Common Consumer Brake Pad FAQs

As a counter professional, you likely have customers inquiring daily about why they should purchase one brake pad over another. Our expert techs at ADVICS have compiled the following guide to help you with these conversations.

What is the Correlation Between Brake Pad Cost and Quality?

When considering the wide array of brake pad options in the market, discussing both cost and quality with your customers is essential. There is a direct correlation between cost and performance, and significant differences between “cheap” and “expensive” brake pads, primarily due to the variations in the raw materials and production methods used.

The raw materials not only determine the overall quality of the part, but also directly influence the performance of the brake pads. Understanding the customer’s driving conditions and budget is especially crucial when advising DIYers, given that brake pads play a critical role in the safety and driving characteristics of a vehicle.

While there’s no definite answer for how much a high-quality brake pad should cost, counter professionals like you are here to help educate customers on what’s best for their vehicle, based on their driving conditions and budget. Counter professionals should be able to explain the differences between OE-equivalent parts, such as ADVICS ultra-premium quality brake pads, which are built to ensure optimal safety and performance on the road, and “cheap” replacements.

What Are Brake Pads Made of and Why is it Important?

There is no question that brake pad composition significantly affects performance. Typically, brake pads fall into one of three categories:

  • Ceramic/Non-Asbestos Organic
  • Semi-Metallic
  • Low Steel

Because the brake system plays such a critical role in vehicle safety, selecting the appropriate brake pad and material is essential. Finding the perfect fit for your customer’s vehicle can significantly enhance performance and extend the lifespan of their braking system.

Ceramic brakes are often used on passenger cars and light trucks that are typically daily drivers and are known for being very durable, long-lasting, quieter, and producing less dust. However, ceramic brake pads are usually the most expensive.

Semi-metallic (or often referred to as just “metallic”) brake pads contain approximately 50% steel fiber, and often a graphite lubricant as well as other durable resin material to complete manufacturing. Semi-metallic brake pads are typically selected for heavy duty trucks or vehicles that are often towing. They are also selected for performance vehicles that are driven on the street or performance driving events.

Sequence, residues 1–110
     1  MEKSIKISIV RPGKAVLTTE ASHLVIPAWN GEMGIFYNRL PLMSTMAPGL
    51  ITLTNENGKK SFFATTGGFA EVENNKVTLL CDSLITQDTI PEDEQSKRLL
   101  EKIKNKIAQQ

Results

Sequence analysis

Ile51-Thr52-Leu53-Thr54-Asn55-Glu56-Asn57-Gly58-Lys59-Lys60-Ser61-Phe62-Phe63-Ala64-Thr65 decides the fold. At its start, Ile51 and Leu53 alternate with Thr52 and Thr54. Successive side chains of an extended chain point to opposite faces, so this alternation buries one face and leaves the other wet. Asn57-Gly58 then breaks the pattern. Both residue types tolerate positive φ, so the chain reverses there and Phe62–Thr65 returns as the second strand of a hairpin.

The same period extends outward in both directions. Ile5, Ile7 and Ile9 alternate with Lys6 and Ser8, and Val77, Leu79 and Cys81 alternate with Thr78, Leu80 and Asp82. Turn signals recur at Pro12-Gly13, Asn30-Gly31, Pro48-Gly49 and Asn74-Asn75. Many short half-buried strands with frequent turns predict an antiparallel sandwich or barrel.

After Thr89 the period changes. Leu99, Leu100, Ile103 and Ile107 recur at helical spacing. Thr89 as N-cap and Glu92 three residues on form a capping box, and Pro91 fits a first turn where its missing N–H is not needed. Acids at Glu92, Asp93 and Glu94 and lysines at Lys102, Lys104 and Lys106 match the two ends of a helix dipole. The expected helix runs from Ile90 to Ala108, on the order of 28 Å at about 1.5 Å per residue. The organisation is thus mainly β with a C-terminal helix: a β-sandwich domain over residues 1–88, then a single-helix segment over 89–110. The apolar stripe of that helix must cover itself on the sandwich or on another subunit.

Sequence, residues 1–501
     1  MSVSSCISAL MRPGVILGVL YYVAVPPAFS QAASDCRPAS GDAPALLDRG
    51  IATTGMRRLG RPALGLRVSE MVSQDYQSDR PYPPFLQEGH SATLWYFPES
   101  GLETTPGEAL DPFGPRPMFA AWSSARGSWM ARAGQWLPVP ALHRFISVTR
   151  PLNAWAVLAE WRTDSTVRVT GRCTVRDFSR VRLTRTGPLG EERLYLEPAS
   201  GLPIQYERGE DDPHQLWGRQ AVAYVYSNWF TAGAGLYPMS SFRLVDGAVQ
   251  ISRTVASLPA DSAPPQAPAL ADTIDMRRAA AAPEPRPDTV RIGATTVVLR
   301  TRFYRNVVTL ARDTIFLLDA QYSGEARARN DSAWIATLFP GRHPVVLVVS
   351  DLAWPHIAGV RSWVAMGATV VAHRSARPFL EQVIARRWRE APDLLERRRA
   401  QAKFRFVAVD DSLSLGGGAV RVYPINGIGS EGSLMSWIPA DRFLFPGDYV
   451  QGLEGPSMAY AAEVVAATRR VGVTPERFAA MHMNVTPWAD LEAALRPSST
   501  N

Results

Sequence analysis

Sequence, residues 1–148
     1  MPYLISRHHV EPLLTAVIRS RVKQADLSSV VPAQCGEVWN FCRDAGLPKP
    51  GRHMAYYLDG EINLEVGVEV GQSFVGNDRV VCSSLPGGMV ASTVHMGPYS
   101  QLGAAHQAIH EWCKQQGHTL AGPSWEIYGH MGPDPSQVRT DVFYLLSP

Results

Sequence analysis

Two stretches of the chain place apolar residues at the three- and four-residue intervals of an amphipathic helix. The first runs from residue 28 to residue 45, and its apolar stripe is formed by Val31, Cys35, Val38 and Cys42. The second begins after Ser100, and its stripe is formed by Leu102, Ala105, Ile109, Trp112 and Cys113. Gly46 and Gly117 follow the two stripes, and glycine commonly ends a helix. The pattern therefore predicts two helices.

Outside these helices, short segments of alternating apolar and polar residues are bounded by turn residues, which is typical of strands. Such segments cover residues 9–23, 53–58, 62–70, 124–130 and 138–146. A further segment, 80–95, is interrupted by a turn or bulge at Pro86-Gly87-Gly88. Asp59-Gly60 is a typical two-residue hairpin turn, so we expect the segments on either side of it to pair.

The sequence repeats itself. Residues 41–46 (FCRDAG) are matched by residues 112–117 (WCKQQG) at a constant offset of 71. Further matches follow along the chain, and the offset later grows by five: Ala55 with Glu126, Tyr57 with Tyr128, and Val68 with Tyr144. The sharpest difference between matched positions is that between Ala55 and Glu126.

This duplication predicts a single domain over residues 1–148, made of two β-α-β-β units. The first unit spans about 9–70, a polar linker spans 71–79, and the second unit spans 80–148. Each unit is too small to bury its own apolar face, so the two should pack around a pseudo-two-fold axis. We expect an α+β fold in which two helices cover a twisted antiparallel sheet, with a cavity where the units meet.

Low steel brake pads contain 10-30% steel fibers and softer metals. These brake pads are typically lower in price compared to semi-metallic brake pads but will wear faster due to the use of softer metals. Low steel brake pads align with semi-metallic brake pads with regards to vehicle applications.

Vehicle type, driving conditions and cost will be the determining factors in selecting what’s best for your customers.

Are Aftermarket Brake Pads the Same As OE?

While OE parts are custom-made for specific vehicles, rest assured that aftermarket brake pads can match or even exceed OE performance. The key difference between OE and aftermarket brake pads lies in materials, cost, and production methods. This creates a wide array of options to cater to a customer’s unique needs.

Concerns often arise over the relation of cost, quality, fit, and performance of an aftermarket product, though these variations are typically linked to differences in materials or production, rather than the actual quality of the part. Giving customers a clear understanding of the difference can instill confidence in their selection.

Do Brake Pads Come with Hardware?

When DIYers gear up to replace their brake pads, a common question arises: Do brake pads come with installation hardware? The answer to this question will vary depending on the brand or product that your customer chooses, although, in many cases, hardware is included.

Hardware that is typically included consists of abutment clips, caliper guide pins and anti-rattle clips.

While not entirely necessary, it is best practice to stress the importance of changing all hardware while performing a brake job, regardless of whether it is included in the kit. Doing so helps to ensure OE-level performance.

Do Rotors Need to Be Replaced with Brake Pads?

When DIYers are shopping for brake pads, it’s common for them to consider the status of their rotors, too. At ADVICS, we advise customers to replace brake rotors alongside brake pads.

While the wear and tear on pads and rotors may slightly differ, it’s generally safe to assume that if the brake pads need replacement, so do the rotors. However, the frequency or replacement varies based on wear and tear. Opting to replace pads and rotors simultaneously ensures optimal performance levels and stopping abilities. You can read more about the importance of rotor replacement here.

“Braking” It Down for Your Customers

Here at ADVICS, our goal is to keep counter professionals equipped with the knowledge and expertise to confidently address common consumer inquiries about their brake pads. Whether it’s clarifying the misconceptions about aftermarket pads or delving into the importance of rotor replacement, we believe keeping your customers informed is essential. By doing so, we empower both professionals and consumers alike to make informed decisions, creating trust and customer satisfaction in every interaction.

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